Henry VI was a historical play written by Shakespeare. He wrote several but the main thrust of the play and what should be taken from the play is that history is the result of human choices and actions. Things don’t just happen. War, death, destruction and history occur because people make certain decisions. Another theme of the play is that a higher power watches and judges our actions and rewards or punishes accordingly. Not everyone believes this theory, but during Shakespeare’s era the “Church” was very powerful and the population bought into the idea. By focusing on this theory, the violence of the 15th century came as punishment for Britain's illegal dethroning of Richard II. In “Henry VI” many events were a result of human decisions and conflicts between people and countries. However, there is also a great deal of weight on the side of “higher powers at work, particularly in Talbot's apparently inevitable fall and in the belief that Joan of Arc’s ability to hear the voice of God.” The French truly did believe that their fight against England was a Holy war.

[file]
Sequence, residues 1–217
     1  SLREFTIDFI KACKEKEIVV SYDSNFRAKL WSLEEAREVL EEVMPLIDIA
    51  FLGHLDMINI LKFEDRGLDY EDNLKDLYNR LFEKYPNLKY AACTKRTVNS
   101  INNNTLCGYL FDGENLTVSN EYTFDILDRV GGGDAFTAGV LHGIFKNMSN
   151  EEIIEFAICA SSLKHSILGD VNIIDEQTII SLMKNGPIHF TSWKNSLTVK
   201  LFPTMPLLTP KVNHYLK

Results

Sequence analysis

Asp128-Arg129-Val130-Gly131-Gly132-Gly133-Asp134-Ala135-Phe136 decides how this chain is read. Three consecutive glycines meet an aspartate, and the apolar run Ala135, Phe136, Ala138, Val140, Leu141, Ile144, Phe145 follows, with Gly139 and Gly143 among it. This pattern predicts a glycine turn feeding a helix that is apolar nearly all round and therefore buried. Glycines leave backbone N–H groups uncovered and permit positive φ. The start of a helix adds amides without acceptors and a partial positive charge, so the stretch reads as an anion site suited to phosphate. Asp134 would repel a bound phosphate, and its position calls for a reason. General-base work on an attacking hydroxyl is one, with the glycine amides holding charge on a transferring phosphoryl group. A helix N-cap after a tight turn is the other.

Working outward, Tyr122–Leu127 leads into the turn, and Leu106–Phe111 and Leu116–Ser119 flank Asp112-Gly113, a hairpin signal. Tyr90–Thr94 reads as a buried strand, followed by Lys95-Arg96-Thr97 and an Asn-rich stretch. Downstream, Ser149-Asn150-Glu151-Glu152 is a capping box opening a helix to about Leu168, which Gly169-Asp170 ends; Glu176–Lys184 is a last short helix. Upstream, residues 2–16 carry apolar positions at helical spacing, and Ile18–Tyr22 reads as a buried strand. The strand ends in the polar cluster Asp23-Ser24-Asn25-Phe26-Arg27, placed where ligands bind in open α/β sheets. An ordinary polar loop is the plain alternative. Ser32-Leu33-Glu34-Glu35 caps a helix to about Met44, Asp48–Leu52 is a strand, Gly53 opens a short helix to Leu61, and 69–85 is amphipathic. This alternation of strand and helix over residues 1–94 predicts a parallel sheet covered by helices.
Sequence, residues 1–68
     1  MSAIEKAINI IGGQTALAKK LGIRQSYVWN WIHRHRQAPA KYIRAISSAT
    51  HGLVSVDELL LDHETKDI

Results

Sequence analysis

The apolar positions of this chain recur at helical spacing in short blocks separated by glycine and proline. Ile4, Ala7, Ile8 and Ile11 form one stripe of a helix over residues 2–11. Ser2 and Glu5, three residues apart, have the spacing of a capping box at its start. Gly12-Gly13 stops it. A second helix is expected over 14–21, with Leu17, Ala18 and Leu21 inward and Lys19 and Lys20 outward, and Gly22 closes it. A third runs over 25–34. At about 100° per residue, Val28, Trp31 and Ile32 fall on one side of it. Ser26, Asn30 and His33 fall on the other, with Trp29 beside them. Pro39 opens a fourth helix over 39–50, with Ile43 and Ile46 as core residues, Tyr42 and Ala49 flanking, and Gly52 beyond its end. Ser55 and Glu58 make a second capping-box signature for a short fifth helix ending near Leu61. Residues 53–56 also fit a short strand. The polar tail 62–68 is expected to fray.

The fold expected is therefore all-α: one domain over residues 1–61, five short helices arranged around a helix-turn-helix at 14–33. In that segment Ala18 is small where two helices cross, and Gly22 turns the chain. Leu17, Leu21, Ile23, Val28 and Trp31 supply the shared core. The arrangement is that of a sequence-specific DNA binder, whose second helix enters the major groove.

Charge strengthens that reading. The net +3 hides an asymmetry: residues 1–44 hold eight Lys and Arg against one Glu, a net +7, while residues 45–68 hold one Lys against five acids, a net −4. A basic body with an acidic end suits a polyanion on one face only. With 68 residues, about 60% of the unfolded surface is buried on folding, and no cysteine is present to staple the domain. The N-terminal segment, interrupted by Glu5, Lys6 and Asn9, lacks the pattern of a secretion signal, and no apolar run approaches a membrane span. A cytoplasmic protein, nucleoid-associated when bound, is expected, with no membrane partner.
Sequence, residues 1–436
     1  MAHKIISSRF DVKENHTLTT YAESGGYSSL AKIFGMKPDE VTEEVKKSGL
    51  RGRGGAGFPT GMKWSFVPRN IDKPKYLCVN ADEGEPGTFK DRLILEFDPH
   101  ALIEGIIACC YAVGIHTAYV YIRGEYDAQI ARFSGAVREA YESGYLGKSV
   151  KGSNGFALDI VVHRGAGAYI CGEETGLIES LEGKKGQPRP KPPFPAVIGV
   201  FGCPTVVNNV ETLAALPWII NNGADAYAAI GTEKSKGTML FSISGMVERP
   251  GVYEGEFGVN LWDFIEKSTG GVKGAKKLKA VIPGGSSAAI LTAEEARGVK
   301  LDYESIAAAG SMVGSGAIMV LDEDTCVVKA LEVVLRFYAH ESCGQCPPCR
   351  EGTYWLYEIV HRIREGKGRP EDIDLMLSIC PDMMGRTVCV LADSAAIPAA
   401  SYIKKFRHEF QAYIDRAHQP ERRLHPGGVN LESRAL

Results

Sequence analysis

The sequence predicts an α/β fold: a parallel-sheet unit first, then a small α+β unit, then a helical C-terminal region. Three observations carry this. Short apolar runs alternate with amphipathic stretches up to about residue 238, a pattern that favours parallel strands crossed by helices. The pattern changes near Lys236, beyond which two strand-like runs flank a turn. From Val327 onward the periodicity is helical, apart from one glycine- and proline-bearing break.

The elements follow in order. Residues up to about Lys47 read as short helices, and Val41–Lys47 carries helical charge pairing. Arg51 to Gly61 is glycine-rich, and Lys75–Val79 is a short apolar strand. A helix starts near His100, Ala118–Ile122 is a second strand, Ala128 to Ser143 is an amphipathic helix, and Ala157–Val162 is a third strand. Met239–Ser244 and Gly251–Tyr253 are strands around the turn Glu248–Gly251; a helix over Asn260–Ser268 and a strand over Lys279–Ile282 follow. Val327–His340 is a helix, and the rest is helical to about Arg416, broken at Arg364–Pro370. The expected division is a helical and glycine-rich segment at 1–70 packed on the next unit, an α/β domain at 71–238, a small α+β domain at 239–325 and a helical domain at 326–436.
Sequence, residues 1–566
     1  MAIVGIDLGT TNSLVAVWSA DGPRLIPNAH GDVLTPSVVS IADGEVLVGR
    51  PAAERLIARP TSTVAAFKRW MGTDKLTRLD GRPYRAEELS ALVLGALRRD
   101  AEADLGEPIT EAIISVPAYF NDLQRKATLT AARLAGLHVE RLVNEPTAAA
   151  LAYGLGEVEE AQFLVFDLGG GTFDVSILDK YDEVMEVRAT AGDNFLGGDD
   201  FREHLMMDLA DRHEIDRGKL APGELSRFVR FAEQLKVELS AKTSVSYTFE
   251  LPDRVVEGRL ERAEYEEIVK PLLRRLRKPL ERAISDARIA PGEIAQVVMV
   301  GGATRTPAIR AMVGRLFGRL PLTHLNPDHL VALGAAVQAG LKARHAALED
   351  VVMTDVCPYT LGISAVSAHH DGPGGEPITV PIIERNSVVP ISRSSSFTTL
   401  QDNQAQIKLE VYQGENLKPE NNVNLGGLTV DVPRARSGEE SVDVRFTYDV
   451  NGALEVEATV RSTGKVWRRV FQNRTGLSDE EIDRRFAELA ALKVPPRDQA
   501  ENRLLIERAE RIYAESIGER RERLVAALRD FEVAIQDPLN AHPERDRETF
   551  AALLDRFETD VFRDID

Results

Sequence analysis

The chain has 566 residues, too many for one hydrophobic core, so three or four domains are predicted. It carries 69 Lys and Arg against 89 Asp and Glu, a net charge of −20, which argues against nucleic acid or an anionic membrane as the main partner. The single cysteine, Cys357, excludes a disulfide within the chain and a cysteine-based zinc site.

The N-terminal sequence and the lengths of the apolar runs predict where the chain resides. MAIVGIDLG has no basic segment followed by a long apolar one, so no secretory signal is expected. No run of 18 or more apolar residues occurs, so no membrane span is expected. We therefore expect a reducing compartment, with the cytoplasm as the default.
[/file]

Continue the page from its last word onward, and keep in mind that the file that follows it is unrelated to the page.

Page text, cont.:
The reader can be affected through analysis and thought on the basic themes introduced through the reading and dissection of the play.
Perhaps one of the reasons to write the Henry VI plays, plus the other plays in the group of history plays concerning the Plantagenets was that the Tudors replaced the Plantagenets on the English throne. What better way to curry favor from Queen Elizabeth than to show the previous kings to be constantly involved with wars, whether against France or civil wars within England itself. Under the Tudors there was peace especially after the defeat of the Armada.
The part of recent English history that Shakespeare tells with the story of Henry VI is the horror of war both at home and abroad. The peace with France forged by his father (Henry V), is broken and the Hundred Years War erupts anew. England had no great hero once Henry V died and France's army was being lead by Joan of Arc.
Henry VI is nothing like his warrior father. What Henry V won, his son lost. On the home front, Henry had to fight the War of the Roses which ended only shortly before Shakespeare was born.
Shakespeare abhorred war. He can and does glorify it to an extent in Henry V but particularly in the Henry VI plays he gives us a grim picture.
The affects of war on human beings doesn't change whether it is the War of the Roses or a contemporary war. People die. Soldiers as well as civilians die. Families suffer and are torn apart by war. Shakespeare knew this. Just like we know men and women who fought in Viet Nam, Shakespeare knew men who fought in the War of the Roses.